By James Belchamber | Wed 22nd January 2020 – 12:25 pm”. LDV.

    … but it’s quite another thing for him to expect any future Leader of the party to do so. If Mr Belchamber really wants the party to commit political suicide, so be it. He’s certainly going the right way about it……. but who’s going to speak up for ‘our principles’ then ?

  • Michael Bukola 6th Jul '20 - 4:38pm

    Lets remember why Nick got into this in the first place

    https://www.theguardian.com/commentisfree/2018/oct/19/nick-clegg-facebook-politics-tech

  • Julian Tisi 6th Jul '20 - 4:48pm

    This comes across as rather vindictive TBH. There are plenty of opponents of coalition in the party and many are in the “still hate Nick” camp, just as many Labour members feel the same way about Tony Blair and Nick for that matter. And I think this is at the heart of the continued obsession about him even since he left politics. Most of the articles linked are opinion pieces; I also viewed the interview with Nick linked above by Manfarang 6th July 11:44 and I think he responds pretty well.

  • James Belchamber 6th Jul '20 - 4:54pm

    The earlier links are opinion pieces used to demonstrate the press he (and therefore we) are getting on the subject. Most people not paying close attention to the comings and goings of the Liberal Democrats still thinks he’s a representative of the party (just ask people on the doorstep) and this boycott is massive news.

    The Tech Transparency Project link is actually a report with an associated spreadsheet. It demonstrates very well that what Facebook (through the mouth of Nick Clegg) says and what they are actually doing do not match up.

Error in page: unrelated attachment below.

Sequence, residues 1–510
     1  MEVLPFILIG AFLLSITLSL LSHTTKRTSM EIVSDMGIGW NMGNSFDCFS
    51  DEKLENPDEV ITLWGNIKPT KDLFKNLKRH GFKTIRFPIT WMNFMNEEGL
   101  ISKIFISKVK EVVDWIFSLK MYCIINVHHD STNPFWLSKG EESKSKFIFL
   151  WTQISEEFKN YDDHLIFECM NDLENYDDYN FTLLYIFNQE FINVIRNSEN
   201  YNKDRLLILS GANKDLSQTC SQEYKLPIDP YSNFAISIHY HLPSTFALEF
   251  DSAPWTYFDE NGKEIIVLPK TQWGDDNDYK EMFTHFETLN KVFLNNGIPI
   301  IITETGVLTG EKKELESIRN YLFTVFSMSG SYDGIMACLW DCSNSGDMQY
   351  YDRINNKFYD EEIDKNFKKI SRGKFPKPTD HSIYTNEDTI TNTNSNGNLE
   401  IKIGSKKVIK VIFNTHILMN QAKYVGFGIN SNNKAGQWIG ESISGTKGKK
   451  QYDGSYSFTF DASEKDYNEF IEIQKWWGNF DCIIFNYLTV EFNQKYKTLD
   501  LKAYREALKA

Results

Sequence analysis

• The only people who mentioned the Coalition at thr last election were Momentum Labourites who would never vote for us anyway. Otherwise it was never mentioned to me canvassing and delivering. It was over 5 years ago and not an issue. So there is zero to be gained for turnimg on Nick Clegg for it now.

  • Are there some examples of the content that Facebook failed to take down?

    In still it sure what we are supposed to be condemning Clegg for. I suspect that many of the cases that FB are asked to look at are not entirely clear cut as to whether they should be censored.

    Many people believe rightly or wrongly that we are living in times of unprecedented censorship and conformity so I imagine that Clegg and FB are reluctant to reinforce that.

  • Paul Barker 6th Jul '20 - 5:49pm

    The Facebook Boycott is not “Massive News”, its a small piece on most News sites, some Papers may have coverd it but not on the Front Page.

    Clegg is an Ex-Leader but we dont own him. If all our Leaders have to let The Party vet all their future activities then we may find find that No-one wants the Job.

    This is a stupid, damaging, irrelevant article & I dont think LDV should have published it.

  • Richard Easter 6th Jul '20 - 6:32pm

    We should be condemning the revolving door of politicans going to controversial big multinationals straight out of office, irrespective of party. It looks terrible to the electorate – as though they are all in it together. Whether that is Clegg, Osborne’s six jobs or John Reid going to the excrable G4S.

  • Not to mention Sir Danny off to a Chinese bank with all that entails in human rights and ‘ ‘social liberal’ Sir Steve off to an insurance company that sells annuities to people with pension pots. The Lib Dems seem to have more knights than King Arthur had at his round table.

  • Guido has a couple of things to say about the current leadership contenders.

    This party is incredible. Its first taste of power in ages was bodged up. That was bad enough but it has been allowed to split the party. Some of you will never forgive or forget the tuition fees fiasco. Some will never get over being in coalition with the hated Tories. Some are proud of the achievements in office. None of you will stop being obsessed about it apart from the few who are obsessed that the rest bang on about it.